For those of you unfamiliar with process triaging (primer here), we spend a full day with a team of experts who do the work of an enterprise’s critical business process and nominate improvements. At HINT, a creative services and video production company in Kansas City, their drive shaft process is the Creative Services process. While every production is uniquely creative, the repeatable process of doing it is an ideal triage candidate.
One of the primary deliverables of the triage is the deck of process capability improvement proposals, typically two dozen. Each one of these proposals, if completed, will improve the process toward a capability goal that, in turn, enables the process to deliver its share of the firm’s strategic goals. These proposals are sorted by their level of effort, estimated by the team into Small Now action item-size tasks — simple enough for one or two people to accomplish without a lot of complexity, or a Big Now project-size effort, one that requires a plan, a budget, some sponsorship perhaps.
The typical triage proposal deck has a mix of Small Now’s and Big Now’s. The more Big Now’s, the larger the effort to achieve the capability goal — and we set the capability goals high. Sponsors and hosts expect a few project-size proposals and set aside some funds before they triage.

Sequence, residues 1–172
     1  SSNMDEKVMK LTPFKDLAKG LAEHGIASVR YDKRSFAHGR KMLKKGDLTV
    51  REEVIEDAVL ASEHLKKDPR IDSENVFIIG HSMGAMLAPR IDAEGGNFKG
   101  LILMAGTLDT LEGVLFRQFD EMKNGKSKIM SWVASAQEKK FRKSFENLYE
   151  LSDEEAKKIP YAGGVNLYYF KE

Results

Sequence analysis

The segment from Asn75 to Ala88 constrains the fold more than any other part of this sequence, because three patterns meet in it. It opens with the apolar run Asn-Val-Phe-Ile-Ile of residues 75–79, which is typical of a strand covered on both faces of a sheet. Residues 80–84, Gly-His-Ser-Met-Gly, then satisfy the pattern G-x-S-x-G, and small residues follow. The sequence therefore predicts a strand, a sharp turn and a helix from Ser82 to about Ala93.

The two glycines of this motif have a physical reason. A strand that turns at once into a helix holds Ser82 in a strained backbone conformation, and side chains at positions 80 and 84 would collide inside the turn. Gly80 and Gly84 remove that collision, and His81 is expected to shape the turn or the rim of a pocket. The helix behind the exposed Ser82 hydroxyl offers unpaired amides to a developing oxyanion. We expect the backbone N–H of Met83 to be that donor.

HINT’s five-person triage team, sponsored by CEO Teri Rogers and hosted by Tony Welch, generated 17 Small Now’s that could all be worked within 90 days, taking nothing off their plates. What that says is Teri and Tony are running a very tight ship that’s core process has no serious issues. It means HINT is entirely scalable, in terms of its drive shaft process. Their team’s first triage results looks like an extremely seasoned kaizen team. In fact, most of the proposals focused on enforcing best practices, not figuring things out. Simply outstanding.
You just don’t see this kind of excellence very often, first triage.
I’m impressed. Hat Tip, HINT!